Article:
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the afternoon, writing at night.  Adam of Mentz.      Wrote a letter to Washington
Irving, asking for his autograph.
  19. Tuesday.  To the Post Office, (meeting George Brown by the way, who with white
teeth & trousers, and sanguine hair, stood ventilating himself at the door of a dry goods 
store.)
Return, an hours idling in the Nassau Street bookstores.  Bought Carlyle s translation of 
the
Wilhelm Meister;  Macaulays Lays of Ancient Rome, & a volume of Hood.   Writing.
At 5 or so called on Roberts, and with him to Brooklyn where getting ready the boat
we started for a cruise; a dull sky overhead, the water of a grey-brown tint;
adjacent shores cold-looking; and a brisk breeze blowing, sending the water flying
from the sharp forepast of the little vessel.  Coasting Governors Isle, then far
out to the right, then across to Staten Island shore, then to Gowanus; by the
time the red flaming disc of the sun appeared, low on the horizon, tinting a path 
of wave tops with glory, above him rosy bosomed clouds, and far over all a heavy
mass of indigo.  (Fancy in such scene as this, the vast shoulders and head of
some submarine Titon upheaving from the deep, to take a glance at the sinking
day-god; with thick, unkempt hair and beard, seaweed, sea flower and coral-deck-
ed, and placid vast kindly features & human expression.       Could such thing be,
much like Bulwer s last Faun must our Tritonic-titon feel, as we  human
mortals  now with our stupid wisdom commonplace  stedfastly persist in blinding the
minds eye with our Mammon god.     I would we could believe such things.)
Landing at Gowanus, took as Robert s phrased it  a nip , then to the  pavilion  of
an intimate of his, who not proving at home, we after an half hour or so, devoted
to very indifferent oysters, set sail again.       By this time it was quite dark, no moon 
visible, though an infinitude of stars.   A brisk breeze sent us flying through the tranquil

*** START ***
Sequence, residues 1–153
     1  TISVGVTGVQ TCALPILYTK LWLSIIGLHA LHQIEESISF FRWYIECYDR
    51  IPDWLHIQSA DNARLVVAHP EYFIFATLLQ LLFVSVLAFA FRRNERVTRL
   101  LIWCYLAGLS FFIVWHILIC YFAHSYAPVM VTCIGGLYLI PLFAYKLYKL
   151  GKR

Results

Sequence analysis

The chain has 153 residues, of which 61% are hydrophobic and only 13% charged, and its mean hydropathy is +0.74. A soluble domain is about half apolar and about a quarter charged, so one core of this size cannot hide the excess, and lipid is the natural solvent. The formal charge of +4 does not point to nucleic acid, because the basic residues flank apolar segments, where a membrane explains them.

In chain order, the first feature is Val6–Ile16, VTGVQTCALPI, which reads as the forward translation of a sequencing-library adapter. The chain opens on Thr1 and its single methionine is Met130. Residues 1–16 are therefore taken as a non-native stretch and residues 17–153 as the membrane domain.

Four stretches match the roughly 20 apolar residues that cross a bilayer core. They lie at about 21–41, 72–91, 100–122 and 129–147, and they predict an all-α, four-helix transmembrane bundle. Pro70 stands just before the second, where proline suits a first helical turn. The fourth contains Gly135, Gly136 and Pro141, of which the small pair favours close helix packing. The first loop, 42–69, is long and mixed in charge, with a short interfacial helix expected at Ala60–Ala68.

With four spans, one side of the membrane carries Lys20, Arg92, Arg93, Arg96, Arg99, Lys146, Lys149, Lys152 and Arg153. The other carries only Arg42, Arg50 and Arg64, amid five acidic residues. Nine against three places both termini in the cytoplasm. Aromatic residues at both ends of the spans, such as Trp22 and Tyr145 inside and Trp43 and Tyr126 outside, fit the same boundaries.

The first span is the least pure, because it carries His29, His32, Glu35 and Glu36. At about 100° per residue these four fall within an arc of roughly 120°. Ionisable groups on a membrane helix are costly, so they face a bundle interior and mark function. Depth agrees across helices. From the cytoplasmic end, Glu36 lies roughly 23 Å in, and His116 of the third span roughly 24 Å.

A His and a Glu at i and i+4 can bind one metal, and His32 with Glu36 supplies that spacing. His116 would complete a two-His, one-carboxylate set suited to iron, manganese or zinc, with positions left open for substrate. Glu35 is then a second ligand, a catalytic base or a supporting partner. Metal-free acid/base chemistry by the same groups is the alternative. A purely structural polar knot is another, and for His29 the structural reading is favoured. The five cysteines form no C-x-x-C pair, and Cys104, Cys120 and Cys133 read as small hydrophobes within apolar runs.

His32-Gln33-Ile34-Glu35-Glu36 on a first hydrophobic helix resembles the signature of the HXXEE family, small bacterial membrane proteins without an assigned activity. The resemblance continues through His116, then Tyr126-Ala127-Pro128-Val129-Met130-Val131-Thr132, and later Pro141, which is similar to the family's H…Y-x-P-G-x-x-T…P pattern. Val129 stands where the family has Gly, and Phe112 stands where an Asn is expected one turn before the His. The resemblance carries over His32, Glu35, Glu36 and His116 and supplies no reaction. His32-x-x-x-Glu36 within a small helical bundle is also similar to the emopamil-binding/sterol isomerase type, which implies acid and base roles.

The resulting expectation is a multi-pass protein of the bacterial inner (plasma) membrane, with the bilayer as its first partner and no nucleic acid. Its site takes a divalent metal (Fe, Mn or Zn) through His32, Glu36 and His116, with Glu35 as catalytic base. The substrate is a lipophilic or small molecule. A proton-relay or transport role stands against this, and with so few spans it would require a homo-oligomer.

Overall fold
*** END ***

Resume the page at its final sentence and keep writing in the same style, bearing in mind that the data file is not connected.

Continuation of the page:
water, through Buttermilk Channel, and coasting the Long Island shore, an hour
and half saw us back to Gray s bath.   Weary work with sails & accesaries; then
good bye and back to New York and bed. (Barth had called during my absence)
  20. and 21. Wednesday and Thursday.  Sticking in doors both days, scribbling
Page
Title:Thomas Butler Gunn Diaries, Volume Two: page one hundred and fifty-seven
Description:Describes a boat tour around the New York islands taken with Roberts.
Date:1851-08-18
Subject:Barth, William; Books and reading; Brown, George; Governors Island (New York County, N.Y.); Gunn, Thomas Butler; Hood, Thomas; Irving, Washington; Leisure; Roberts; Staten Island (New York, N.Y.); Writing
Coverage (City/State):[New York, New York]; Brooklyn, [New York]
Coverage (Street):Nassau Street
Scan Date:2011-02-07

 

Volume
Title:Thomas Butler Gunn Diaries, Volume Two
Description:Includes descriptions of Gunn's attempts to find drawing work among New York publishers, brief employment in an architectural office, visits to his soldier friend William Barth on Governors Island, boarding house living, drawing at actor Edwin Forrest's home at Fonthill Castle, and sailing and walking trips taken with friends.
Subject:Boardinghouses; Books and reading; Gunn, Thomas Butler; Military; Publishers and publishing; Religion; Travel; Women
Coverage (City/State):New York, New York
Note:Thomas Butler Gunn was born February 15, 1826, in Banbury, England, and came to New York in 1849. During the Civil War he worked as a correspondent for the New York Tribune and the New York Evening Post. He returned to England in 1863, and died in Birmingham in April 1903. The collection includes twenty-one volumes of his diaries, including newspaper clippings, letters, photographs, sketches, and various other items inserted by Gunn. Diary entries date from July 7, 1849, to April 7, 1863, and include his experiences with the New York publishing and literary world, his descriptions of boarding houses, his travels throughout the United States, and his experiences traveling with the Federal army as a Civil War correspondent.
Publisher:Missouri History Museum
Rights:Copyright 2011 Missouri History Museum.
Source:Page images, transcriptions, and metadata of the Thomas Butler Gunn diaries have been provided by the Missouri History Museum.